28 September, 2016
With all of the highly publicized failures of America’s public schools, it is easy to assume that students in private schools are receiving a better education.
But a study released in 2007 by the Center on Education Policy (CEP) showed that students in public urban high schools perform, on average, just as well as those in private high schools.
Public vs. Private Education
It is easy to assume that private schools provide a better education because so many of their graduates go on to elite colleges and successful careers. But according to the CEP, this may be more because of demographics than academic quality. When students’ family backgrounds and income levels are taken into consideration, there is no effective difference in the quality of a public or private education.
When the report’s authors compared students of similar socioeconomic status at private, public and parochial high schools, they found out that:
- Achievement scores on reading, math, science and history were the same;
- Students were equally likely to attend college whether they had graduated from a public or private school;
- Young adults at age 26 were equally likely to report being satisfied with their jobs whether they had graduated from a public or private school;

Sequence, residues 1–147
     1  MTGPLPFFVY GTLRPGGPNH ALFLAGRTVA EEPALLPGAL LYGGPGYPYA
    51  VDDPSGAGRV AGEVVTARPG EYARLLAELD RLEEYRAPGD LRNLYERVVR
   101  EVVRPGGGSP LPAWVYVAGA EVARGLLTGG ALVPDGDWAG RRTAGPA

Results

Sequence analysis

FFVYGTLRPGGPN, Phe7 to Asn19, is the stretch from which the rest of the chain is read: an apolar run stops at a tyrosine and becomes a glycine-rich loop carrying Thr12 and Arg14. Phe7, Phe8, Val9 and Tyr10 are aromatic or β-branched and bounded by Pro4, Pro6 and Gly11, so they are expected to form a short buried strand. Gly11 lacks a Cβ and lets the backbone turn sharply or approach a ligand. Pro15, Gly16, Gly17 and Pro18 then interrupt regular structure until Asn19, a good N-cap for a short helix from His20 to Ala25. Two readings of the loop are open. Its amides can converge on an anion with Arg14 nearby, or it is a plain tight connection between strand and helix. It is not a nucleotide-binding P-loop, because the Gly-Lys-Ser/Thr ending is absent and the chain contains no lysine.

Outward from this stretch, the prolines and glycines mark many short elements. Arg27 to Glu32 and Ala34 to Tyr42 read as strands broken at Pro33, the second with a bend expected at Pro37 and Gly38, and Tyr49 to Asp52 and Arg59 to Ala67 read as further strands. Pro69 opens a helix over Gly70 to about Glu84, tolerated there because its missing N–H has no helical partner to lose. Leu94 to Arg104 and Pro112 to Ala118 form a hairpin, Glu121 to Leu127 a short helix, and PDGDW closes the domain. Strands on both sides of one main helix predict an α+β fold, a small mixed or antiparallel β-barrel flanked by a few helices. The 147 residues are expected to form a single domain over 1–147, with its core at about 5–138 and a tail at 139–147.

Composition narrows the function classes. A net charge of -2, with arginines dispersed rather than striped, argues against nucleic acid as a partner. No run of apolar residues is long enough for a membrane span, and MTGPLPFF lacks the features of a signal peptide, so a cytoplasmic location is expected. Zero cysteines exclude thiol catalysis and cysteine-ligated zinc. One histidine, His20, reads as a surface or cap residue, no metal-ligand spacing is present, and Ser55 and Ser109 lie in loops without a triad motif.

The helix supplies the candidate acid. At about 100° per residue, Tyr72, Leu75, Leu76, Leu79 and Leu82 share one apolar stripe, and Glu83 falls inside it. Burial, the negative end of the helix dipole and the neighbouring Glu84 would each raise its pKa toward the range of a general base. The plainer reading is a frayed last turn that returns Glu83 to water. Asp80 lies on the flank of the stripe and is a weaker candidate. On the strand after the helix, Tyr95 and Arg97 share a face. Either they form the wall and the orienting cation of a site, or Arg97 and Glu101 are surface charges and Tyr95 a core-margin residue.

- Young adults at age 26 were equally likely to engage in civic activity whether they had graduated from a public or private school.
There was, however, one significant area in which private school students did excel: SAT scores. Students in private schools performed constantly better on the test than public school students. The study’s authors point out that this does not imply that private schools are any better at teaching subject matter. They offer two possible explanations for this finding:
- Private schools are better at teaching preparation for the test.
- The admissions process at private schools tends to choose students with higher IQ scores, and aptitude tests like the SAT are a better measure of IQ than subject achievement tests.
Regardless of the reason for the difference, the result is that graduates from private schools are somewhat more likely to get admitted into very prestigious colleges.
The second exception that the study found was limited to a very specific type of private school. Catholic schools that are run by holy orders, such as the Jesuits, did show consistently positive academic effects. However, this is a relatively small percentage of parochial schools, since the majority of Catholic institutions are run by a local diocese instead of a holy order.